Unranked Horns "more hungry" entering season

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The relief was palpable in Cooley Pavilion on Monday afternoon as the burden of great expectations was lifted.

For the first time in a decade, Texas did not make The Associated Press preseason Top 25 poll, which was released last week. Media members ranked the Longhorns 27th.

“We love it now, we have everything to work for,” senior Gary Johnson said. “Nothing was given to us. It just makes us more hungry.”

The Longhorns reached No. 1 in the AP poll last season but finished on a losing skid and out of the rankings.

“Being rated that high brings a sense of identity that we weren’t.

Guys were feeling good about it, kinda’ cocky,” Johnson said. “And it didn’t last for very long.”

Texas started the 2000-01 season out of the rankings after losing Gabe Muoneke and All-American Chris Mihm, the No. 4 career rebounder in program history.

“We’re not ever going to ever apologize for where we’ve raised the bar. Ever,” said head coach Rick Barnes. “We’re happy with where we are right now.”

The team is No. 25 in the ESPN/USA Today coaches’ poll.

“It’s like a sigh of relief,” Johnson said. “We don’t have to live up to a certain expectation every game and now we can just work for the ranking instead of having it being handed off to us.”

Jump higher, move faster

To cope with losing Damion James, Dexter Pittman and Avery Bradley to the NBA, some Texas players focused on improving their conditioning over the summer as they prepare for increased minutes. Johnson, a 6-foot-6 power forward who mostly saw time as a role player last year, is one of them.

Johnson started only four games in the 2009-10 season but got a large amount of playing time in Big 12 competition, finishing with the third-most minutes on the team.

Johnson became a low-post scoring threat as he improved his jump shot and scored a career-high 25 points in March versus Baylor.

Without James or Pittman, Johnson will often be the Longhorns’ go-to man in the paint. He’s still listed at 238 pounds but looked noticeably thinner in the team’s new burnt orange Nike uniforms.

“I’ve been eating better,” Johnson said. “Better eating habits. Lost a little weight. Jump higher, move faster.”

Johnson is Texas’ top returning rebounder but is also the forward with the most offensive experience and will use his increased endurance to cover both ends of the court.


“I’d like to think I’m a better defender because I’m moving quicker,” he said.

J’Covan Brown, the squad’s eccentric guard, didn’t lost any weight but improved his stamina with early morning workouts and more cardio. He’ll split time in the backcourt with the ever fleet-footed Dogus Balbay and speedy freshman Cory Joseph.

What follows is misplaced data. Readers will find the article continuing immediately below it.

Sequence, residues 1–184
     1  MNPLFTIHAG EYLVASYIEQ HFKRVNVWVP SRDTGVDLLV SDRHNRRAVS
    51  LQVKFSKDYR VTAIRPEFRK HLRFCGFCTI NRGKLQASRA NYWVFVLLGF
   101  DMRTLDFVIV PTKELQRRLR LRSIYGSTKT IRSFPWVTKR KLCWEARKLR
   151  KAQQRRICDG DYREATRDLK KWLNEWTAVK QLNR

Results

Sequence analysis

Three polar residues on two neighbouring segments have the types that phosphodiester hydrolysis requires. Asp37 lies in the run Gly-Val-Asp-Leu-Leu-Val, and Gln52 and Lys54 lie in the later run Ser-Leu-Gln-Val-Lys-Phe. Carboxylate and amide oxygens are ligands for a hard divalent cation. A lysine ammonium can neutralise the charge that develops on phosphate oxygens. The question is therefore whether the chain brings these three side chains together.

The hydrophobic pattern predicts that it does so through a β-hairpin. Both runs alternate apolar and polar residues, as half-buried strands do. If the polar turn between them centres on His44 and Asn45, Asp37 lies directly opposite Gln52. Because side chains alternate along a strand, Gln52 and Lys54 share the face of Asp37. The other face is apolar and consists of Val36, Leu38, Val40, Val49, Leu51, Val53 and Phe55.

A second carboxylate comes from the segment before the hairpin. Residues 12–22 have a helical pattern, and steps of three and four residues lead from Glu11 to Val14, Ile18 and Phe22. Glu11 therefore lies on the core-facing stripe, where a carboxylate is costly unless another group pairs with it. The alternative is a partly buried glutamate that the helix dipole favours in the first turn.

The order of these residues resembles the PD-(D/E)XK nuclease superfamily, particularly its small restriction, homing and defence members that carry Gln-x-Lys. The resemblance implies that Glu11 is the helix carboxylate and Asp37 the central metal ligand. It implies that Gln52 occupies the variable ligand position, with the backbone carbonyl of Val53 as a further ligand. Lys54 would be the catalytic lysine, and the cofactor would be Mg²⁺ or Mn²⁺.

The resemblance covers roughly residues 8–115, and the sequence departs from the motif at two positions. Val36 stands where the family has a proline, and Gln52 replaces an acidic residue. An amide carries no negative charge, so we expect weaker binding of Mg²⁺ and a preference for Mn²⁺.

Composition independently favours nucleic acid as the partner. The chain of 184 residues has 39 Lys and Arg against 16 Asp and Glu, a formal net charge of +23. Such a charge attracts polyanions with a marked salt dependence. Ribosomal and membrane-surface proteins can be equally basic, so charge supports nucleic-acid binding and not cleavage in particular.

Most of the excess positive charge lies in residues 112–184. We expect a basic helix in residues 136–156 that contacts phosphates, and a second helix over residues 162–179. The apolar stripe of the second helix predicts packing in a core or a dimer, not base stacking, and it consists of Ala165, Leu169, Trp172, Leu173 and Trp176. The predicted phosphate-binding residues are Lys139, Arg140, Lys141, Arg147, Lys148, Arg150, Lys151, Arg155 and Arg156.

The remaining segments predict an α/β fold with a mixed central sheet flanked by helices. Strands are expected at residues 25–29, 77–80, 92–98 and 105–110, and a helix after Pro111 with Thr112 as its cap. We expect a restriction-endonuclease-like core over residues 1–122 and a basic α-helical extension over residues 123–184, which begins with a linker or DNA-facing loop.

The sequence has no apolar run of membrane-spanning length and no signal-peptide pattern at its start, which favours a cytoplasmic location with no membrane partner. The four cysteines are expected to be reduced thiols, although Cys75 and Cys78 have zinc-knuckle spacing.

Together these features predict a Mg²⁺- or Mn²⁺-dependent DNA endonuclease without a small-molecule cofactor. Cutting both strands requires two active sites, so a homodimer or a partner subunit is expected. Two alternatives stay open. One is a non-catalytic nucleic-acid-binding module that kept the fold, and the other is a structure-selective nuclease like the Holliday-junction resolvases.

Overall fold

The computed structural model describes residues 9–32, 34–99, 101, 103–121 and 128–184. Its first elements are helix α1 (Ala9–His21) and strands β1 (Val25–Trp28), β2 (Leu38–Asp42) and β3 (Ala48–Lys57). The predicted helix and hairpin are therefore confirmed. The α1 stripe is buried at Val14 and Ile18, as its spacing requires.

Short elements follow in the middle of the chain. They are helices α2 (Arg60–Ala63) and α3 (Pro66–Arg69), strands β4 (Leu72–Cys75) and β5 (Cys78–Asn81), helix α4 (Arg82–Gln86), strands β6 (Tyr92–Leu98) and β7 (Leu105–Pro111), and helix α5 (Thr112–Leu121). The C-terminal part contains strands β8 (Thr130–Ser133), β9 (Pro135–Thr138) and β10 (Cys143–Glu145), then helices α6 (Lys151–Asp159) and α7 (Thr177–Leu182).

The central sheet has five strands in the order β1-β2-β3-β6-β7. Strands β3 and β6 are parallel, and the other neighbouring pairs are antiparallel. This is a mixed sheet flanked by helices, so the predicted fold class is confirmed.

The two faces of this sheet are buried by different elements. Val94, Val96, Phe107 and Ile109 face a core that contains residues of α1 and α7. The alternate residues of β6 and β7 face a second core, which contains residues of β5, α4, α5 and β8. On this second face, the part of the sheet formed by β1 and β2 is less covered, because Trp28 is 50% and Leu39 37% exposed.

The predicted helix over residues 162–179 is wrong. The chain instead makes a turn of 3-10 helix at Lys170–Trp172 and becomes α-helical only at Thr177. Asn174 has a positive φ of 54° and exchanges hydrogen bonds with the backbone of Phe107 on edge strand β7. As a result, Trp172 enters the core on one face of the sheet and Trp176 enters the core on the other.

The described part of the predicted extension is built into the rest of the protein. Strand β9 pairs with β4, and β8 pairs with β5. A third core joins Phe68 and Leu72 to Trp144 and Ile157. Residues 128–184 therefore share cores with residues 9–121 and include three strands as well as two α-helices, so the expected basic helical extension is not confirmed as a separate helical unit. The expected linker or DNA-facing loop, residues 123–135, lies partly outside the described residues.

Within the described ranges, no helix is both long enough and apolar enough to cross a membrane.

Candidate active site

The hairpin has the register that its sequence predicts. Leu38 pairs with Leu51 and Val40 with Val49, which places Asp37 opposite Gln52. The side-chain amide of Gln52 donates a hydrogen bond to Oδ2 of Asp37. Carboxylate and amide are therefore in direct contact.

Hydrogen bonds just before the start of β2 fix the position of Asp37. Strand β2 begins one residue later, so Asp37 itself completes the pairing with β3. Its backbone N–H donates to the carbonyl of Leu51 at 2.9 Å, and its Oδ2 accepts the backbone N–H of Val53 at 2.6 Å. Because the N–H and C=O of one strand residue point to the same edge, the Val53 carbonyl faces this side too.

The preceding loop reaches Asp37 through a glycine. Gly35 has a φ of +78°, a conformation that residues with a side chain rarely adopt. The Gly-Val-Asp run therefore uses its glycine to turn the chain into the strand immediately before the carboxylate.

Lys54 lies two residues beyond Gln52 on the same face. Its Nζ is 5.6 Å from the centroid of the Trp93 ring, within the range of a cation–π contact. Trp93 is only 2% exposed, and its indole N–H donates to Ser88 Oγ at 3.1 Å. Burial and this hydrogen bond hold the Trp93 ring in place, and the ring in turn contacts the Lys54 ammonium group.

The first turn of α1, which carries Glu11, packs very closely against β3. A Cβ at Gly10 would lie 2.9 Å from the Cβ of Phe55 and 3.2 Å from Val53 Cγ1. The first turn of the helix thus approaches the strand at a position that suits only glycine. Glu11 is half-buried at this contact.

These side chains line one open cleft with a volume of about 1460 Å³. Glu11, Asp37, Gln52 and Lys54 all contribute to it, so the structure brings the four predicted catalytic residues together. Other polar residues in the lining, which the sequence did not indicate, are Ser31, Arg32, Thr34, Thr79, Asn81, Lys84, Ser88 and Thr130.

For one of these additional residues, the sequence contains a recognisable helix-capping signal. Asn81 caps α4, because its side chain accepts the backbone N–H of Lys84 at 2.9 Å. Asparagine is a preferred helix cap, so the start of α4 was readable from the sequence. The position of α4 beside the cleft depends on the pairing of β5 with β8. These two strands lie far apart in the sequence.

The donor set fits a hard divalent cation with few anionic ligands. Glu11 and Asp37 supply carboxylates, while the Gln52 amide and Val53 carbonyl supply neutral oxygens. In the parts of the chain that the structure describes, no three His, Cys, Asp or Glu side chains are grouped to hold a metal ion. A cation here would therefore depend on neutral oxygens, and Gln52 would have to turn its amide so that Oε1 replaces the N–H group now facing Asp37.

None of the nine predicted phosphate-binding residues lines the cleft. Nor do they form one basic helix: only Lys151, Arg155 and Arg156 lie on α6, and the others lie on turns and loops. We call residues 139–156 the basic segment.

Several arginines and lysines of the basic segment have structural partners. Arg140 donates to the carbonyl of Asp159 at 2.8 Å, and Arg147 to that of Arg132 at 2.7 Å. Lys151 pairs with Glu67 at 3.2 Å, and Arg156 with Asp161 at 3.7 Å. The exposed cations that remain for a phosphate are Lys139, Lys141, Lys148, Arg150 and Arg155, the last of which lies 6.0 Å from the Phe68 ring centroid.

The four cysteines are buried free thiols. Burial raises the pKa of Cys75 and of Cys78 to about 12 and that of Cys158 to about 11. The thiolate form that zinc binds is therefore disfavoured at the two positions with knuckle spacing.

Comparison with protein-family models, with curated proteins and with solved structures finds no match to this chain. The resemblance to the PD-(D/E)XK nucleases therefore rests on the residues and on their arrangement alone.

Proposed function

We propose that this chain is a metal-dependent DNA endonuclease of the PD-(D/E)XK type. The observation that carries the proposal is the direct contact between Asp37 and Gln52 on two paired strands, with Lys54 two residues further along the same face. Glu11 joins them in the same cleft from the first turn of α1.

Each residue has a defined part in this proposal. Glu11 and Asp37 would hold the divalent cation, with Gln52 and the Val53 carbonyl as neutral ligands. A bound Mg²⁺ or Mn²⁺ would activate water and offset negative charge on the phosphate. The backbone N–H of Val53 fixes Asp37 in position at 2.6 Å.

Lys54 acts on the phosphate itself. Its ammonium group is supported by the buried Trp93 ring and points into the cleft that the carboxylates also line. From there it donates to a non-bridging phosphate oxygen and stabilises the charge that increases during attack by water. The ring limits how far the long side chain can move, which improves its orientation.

“I’m in way better shape,” Brown said. “The team moves faster. We’ll be an up-tempo type team this year.”

Starting lineup remains uncertain

No matter who head coach Rick Barnes decides to start in next Monday’s season opener against Navy, some things are sure to be different from last year’s record-setting season. With a smaller lineup, both in number and average height, Texas may choose to go small against slower teams. Additionally, sophomore J’Covan Brown is likely to play at the two and has been getting increased minutes in that scoring role.

“The offense fits me,” Brown said. “There’s not too much pressure to bring the ball up like last year so I’m happy with that.”

With the addition of freshman Cory Joseph, the Longhorns have a point guard who demands the attention of opposing defenses for the first time since D.J. Augustin.

“We’re putting guys at their strengths,” said senior Gary Johnson.

Johnson added that this team has a higher basketball IQ than the last one, which should play nicely into Barnes’ emphasis on assists.

Two early birds


Like last year, the incoming freshmen are nationally regarded recruits expected to play immediately and have a large impact. Unlike last year, these two enrolled at the University during the first session of summer school and began practicing with the team in May.

“It’s a tremendous advantage,” Barnes said. “It’s the difference in night and day.”

In 2009, Jordan Hamilton and Avery Bradley enrolled in the second summer session, and then-freshman Brown did not arrive until the fall semester. Because of their early arrival, Cory Joseph and Tristan Thompson have adapted much quicker, Barnes said.